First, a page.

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These reports are not investment advice. They are for informational purposes, intended for an audience of investment and trading professionals, and other experienced investors and traders. Chart pick performance changes week to week and past performance may not indicate future results, as you know. Trading involves risk, and these reports assume that you understand those risks and manage them according to your tolerance. 

QE Vs. Treasury Supply Will Never Be More Bullish than Right Now

I finished my two dose vaccination regimen on June 14, and travel restrictions have lifted here in Europe since July 1. It’s been an interesting few weeks as I’ve made my way from my recent base in Zadar, Croatia, up through wonderful Ljubljana Slovenia, Bratislava Slovakia, and currently, the amazing city of Krakow Poland. I’ll be heading to Warsaw on Thursday, where I plan to hang out for at least a couple of months this summer as I do genealogical roots and look for evidence of family left behind here after my grandparents left in 1900.

As I return from vacation mode and a light publication schedule, I had a big day planned for tomorrow. I’ll be visiting Auschwitz all day. Therefore, I wanted to get at least a short overview of the current QE situation out to you tonight. This report covers the most important basics and outlook.

We already know that the bond market has rallied as a result of the massive Treasury paydowns. That’s all about to end, and I think that the Treasury rally may be in the process of reversing.

All good things come to an end. Here’s what to expect in the weeks ahead as a result of the things we already know, and a few that we can deduce as a result.

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Where The End Stage Rally is Headed

Most cycles are in up phases or trending mode. Cycle projections range from xxxx-xxxx. Time analysis suggests that concurrent up phases should last xxxx xxxx (in subscriber report). A 10-12 month cycle high is due xxxx. There’s currently no projection on that cycle.

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The S&P starts the week at the top of a short term channel on the third rail chart. Trend resistance runs from 4373 to 4395 this week. Support runs from 4324 to 4345, with more important support starting at 4260 and rising to 4300. If the market stays between those lines, the trend status quo stays in force. An upside breakout would indicate acceleration. A downside breakout would suggest a possible change of trend.

On the weekly chart, the SPX has cleared wedge resistance at 4320 and is now taking aim at channel resistance at 4500. It would need a weekly close below xxxx (in subscriber report) to break the uptrend.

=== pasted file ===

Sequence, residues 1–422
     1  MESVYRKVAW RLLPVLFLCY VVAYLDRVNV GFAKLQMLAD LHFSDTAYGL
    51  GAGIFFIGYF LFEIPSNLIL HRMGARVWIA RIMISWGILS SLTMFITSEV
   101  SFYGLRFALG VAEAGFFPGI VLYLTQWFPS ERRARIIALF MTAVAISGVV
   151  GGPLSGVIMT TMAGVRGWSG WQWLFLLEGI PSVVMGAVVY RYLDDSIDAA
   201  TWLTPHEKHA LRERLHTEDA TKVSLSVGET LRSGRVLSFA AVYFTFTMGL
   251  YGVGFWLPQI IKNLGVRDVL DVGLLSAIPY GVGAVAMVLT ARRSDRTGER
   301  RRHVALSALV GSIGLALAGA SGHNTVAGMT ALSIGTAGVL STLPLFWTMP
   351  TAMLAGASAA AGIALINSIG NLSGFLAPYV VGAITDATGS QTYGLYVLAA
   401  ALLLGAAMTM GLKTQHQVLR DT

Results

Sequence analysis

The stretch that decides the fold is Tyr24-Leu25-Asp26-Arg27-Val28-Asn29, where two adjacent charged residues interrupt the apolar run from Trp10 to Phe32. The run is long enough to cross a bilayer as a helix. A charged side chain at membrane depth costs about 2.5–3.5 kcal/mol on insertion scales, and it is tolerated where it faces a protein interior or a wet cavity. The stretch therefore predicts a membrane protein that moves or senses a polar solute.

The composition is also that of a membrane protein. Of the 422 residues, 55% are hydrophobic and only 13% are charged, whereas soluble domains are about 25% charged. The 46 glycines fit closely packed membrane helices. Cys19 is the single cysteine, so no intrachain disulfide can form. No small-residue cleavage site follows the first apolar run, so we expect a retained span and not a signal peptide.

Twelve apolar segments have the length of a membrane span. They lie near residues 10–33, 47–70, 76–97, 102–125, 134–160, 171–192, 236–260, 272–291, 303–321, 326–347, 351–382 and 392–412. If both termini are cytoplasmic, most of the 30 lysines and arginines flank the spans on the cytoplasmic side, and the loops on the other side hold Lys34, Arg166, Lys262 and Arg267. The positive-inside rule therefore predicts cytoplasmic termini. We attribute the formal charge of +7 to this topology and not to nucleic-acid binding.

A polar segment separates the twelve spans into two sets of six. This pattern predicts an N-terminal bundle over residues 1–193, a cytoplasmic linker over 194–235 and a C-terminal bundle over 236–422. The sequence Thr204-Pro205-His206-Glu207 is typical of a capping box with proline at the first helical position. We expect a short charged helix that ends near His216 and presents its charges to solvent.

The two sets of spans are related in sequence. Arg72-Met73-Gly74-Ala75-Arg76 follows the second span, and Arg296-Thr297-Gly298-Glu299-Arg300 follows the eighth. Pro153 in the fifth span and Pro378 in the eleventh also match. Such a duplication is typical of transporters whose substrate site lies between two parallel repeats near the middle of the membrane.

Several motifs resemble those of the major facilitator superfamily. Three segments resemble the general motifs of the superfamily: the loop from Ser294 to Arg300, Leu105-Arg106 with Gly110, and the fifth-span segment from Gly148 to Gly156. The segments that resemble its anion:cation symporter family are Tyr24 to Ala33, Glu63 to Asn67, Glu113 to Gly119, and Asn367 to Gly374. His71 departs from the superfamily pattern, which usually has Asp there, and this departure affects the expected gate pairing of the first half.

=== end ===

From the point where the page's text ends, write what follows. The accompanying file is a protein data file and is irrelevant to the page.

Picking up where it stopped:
New long term cycle projections point to xxxx-xxxx (in subscriber report) with highs due between xxxxxxx and xxxxxxxx.

On the monthly chart, June ends with the S&P testing an upper channel line at 4280. That line will be around 4350 at the end of July. A longer term trendline represents additional resistance around 4400. A much longer term trendline represents support around 4185 in July.

The long term cycle momentum indicator remains bullish.

Cycle screening measures were notably weak, considering the broad market averages made a new high. They are barely positive, and ominous negative divergences persist. I have deferred to the standard price indicators. The weakness in the cycle screening numbers should be taken as a warning.

The chart pick list has been dead in the water. False signals have proliferated as the market has churned around new highs, with no broad strength. Despite a huge number of new buy signals on Friday, most appear to be the result of rangebound noise.

Technical Trader subscribers click here to download the complete report.

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Not a subscriber? Get price and time targets, and weekly swing trade chart picks, risk free for 90 days!  

These reports are not investment advice. They are for informational purposes, intended for an audience of investment and trading professionals, and other experienced investors and traders. Chart pick performance changes week to week and past performance may not indicate future results, as you know. Trading involves risk, and these reports assume that you understand those risks and manage them according to your tolerance. 

Chart Picks – Tons of Fake Signals Are Mostly Noise

Since the last report two weeks ago, before our half-season break, four picks hit their stops. All were longs. Ironically, the only remaining pick is a short, and it has a minimal gain. I tightened the stop on it. For some odd reason, I suspect that it will get taken out. 😉

The current screen from charts as of the close on Friday, July 9, had a whopping 139 buys and 13 sells. Two of the sells were inverse funds, making the final score Bulls 141, Bears 11. But the kicker is that 7 of the sells were bond funds. There were only 4 equity sell signals out of the total 152 signals. That’s mind boggling.

I took a little vacation last week, so no weekly figures to compare. Before the break, they had been lopsided on the buy side. The market has made surprisingly little upside progress, given the surfeit of buy signals. There’s a lot of noise, and not a lot of direction in these signals.

The enormous bullish spread on Friday would normally suggest thrust, and a new upleg, meaning that this rally would be likely to run for weeks. But, once again, I wasn’t impressed after eyeballing all 152 of the charts with signals. Most looked to be of the rangebound whipsaw variety. I didn’t see that many that appeared to be in an early upmove setup. There were only 5 charts I liked enough to add to the list for this week.

Here are the picks I liked from Friday’s raw data. They’re all longs. The stop levels also represent no-go prices if the these long picks open below their stop.

Table in subscriber report.

This table summarizes recent list performance. Current charts of new picks are below.